Who else but Daniel Day-Lewis could embody Abraham Lincoln so well? Day-Lewis is known for his startling characterizations and method process, from "My Left Foot" and "The Last of the Mohicans" to "Gangs of New York" and "There Will Be Blood," and we should expect no less from his portrayal of President Lincoln in Steven Spielberg's biopic. But, the director clarifies, “Daniel never went into a fugue state" for "Lincoln"; he was always aware of his contemporary surroundings, but was referred to as Mr. President on set. With very little to go by, Day-Lewis's track record (four Oscar noms, two wins) makes it safe to assume his performance will be central in the Awards race.
EW speaks to the director, who explains that Lincoln "had a very, very complicated – and at the same time, extremely clear — inner life,” adding that he “thought things out. He talked things out. He argued both sides of every issue. And he was very careful in making any decision. As a matter of fact, his opponents and his enemies criticized him often for being impossibly slow to a decision.”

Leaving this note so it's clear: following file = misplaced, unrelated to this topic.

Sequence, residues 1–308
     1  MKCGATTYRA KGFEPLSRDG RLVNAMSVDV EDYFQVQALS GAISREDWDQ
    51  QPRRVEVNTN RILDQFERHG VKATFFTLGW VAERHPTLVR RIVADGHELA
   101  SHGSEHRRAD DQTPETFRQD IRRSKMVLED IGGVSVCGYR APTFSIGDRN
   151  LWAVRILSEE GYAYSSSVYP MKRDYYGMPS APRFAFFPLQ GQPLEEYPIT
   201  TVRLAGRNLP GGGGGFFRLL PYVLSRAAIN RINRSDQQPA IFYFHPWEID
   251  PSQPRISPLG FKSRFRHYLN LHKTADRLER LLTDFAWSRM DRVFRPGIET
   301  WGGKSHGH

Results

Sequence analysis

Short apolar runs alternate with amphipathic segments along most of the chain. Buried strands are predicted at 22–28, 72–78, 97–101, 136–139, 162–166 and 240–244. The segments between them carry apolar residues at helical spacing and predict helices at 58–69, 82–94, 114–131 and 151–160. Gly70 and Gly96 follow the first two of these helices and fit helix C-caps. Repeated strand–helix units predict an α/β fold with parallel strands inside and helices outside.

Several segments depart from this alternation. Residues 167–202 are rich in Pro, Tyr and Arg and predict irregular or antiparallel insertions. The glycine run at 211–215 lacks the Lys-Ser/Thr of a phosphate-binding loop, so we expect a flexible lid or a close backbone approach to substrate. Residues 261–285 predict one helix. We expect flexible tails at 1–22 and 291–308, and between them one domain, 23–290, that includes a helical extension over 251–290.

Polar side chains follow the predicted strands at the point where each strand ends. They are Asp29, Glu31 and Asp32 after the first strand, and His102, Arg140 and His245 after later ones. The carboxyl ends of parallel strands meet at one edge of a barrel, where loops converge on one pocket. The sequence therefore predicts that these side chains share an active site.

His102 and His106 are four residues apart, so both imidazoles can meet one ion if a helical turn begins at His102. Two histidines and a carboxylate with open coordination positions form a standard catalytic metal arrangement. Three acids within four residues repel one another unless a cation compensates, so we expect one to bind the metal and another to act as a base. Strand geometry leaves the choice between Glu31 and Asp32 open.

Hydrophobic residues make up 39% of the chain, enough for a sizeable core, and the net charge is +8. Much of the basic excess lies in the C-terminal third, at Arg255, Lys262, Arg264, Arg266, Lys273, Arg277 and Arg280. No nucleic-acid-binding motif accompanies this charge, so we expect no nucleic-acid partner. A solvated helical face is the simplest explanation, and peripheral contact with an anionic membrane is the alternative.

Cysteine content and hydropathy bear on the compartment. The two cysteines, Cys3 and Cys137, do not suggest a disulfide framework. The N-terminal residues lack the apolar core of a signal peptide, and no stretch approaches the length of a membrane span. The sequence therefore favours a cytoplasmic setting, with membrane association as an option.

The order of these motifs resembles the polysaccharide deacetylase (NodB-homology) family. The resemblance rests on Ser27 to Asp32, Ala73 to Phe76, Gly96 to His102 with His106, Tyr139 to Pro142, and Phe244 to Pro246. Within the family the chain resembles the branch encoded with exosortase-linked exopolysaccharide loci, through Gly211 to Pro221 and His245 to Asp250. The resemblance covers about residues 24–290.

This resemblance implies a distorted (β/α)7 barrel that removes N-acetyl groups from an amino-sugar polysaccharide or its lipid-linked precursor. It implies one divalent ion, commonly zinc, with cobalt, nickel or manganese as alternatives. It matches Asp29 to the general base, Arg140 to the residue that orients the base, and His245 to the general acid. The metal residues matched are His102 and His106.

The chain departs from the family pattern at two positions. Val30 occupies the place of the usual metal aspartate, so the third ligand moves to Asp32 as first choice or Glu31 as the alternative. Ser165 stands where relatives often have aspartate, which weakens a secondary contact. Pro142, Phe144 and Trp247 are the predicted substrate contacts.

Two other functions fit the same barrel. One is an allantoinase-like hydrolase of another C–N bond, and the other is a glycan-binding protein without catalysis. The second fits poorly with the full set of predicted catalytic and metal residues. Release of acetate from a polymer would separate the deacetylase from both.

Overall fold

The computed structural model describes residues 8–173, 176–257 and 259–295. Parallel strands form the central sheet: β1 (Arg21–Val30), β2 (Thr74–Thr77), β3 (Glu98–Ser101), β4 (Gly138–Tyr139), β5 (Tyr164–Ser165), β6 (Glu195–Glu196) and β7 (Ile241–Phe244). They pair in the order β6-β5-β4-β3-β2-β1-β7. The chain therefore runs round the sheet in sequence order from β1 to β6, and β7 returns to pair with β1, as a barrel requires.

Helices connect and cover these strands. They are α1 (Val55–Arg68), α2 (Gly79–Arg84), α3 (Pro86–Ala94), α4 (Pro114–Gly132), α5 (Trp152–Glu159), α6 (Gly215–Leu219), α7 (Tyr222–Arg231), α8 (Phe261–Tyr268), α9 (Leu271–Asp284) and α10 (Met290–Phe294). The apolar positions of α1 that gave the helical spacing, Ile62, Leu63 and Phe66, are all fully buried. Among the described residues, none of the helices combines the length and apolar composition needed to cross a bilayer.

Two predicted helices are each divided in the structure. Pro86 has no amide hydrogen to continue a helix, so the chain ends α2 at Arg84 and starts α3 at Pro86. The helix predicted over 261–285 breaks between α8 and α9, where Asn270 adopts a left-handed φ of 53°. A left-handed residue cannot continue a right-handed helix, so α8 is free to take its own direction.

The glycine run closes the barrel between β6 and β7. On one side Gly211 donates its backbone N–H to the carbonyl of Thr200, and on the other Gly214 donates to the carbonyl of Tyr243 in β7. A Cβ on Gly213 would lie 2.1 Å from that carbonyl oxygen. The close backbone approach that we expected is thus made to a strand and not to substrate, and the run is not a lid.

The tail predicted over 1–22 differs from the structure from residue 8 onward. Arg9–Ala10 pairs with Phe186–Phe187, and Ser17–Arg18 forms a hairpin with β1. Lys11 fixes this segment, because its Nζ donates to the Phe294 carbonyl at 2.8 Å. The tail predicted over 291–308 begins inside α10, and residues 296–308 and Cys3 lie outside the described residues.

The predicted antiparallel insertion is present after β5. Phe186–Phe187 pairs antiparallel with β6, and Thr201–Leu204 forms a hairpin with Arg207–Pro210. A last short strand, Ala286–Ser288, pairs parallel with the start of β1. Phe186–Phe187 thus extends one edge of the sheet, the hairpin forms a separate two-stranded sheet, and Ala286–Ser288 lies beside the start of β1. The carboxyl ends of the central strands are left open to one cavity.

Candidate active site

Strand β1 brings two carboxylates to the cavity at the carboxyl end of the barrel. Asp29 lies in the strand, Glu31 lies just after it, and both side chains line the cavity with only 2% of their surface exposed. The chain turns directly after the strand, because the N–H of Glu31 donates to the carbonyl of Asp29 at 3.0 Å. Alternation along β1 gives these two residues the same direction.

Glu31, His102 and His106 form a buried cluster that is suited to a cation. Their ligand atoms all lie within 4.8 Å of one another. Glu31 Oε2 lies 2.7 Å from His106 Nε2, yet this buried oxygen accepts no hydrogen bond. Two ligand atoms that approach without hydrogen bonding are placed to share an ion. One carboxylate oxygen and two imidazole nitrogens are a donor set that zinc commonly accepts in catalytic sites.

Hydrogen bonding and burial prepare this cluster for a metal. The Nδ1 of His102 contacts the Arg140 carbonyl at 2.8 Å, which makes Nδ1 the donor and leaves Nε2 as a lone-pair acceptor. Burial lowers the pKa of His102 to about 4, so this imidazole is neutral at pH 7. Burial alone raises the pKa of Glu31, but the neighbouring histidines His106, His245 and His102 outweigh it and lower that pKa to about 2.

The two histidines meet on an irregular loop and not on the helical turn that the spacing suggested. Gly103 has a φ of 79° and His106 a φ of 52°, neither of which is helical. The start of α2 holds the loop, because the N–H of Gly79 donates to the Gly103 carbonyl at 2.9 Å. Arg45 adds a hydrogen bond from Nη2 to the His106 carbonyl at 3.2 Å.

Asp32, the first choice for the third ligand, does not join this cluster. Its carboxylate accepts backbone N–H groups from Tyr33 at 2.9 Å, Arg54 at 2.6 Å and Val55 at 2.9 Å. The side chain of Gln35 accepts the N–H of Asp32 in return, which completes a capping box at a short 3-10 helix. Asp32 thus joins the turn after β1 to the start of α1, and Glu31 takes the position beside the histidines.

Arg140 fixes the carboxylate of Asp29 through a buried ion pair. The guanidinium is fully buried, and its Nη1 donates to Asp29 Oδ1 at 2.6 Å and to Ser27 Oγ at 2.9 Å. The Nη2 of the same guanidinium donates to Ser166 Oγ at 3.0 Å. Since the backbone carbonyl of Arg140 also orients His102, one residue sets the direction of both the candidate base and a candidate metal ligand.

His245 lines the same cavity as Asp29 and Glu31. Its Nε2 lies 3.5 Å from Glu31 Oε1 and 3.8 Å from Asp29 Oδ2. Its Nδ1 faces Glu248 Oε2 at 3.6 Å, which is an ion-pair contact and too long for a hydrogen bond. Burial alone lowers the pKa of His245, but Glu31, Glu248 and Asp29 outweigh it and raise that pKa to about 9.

The script, adapted by Tony Kushner from Doris Kearns Goodwin's book "Team of Rivals," focuses on the clash between Lincoln and the men in his cabinet over abolition and the end of the Civil War. Spielberg explains:
“Lincoln’s realization that the Emancipation Proclamation, the thing he is most known for, was simply a war powers act that would easily be struck down by any number of lawyers after the cessation of hostilities after the Civil War. He needed to abolish slavery by constitutional measure — and that’s where we start.”
Spielberg adds that “Our movie is really about a working leader who must make tough decisions and get things done in the face of overwhelming opposition." Sounds familiar.
"Lincoln" arrives November 16. Here's more on the cast.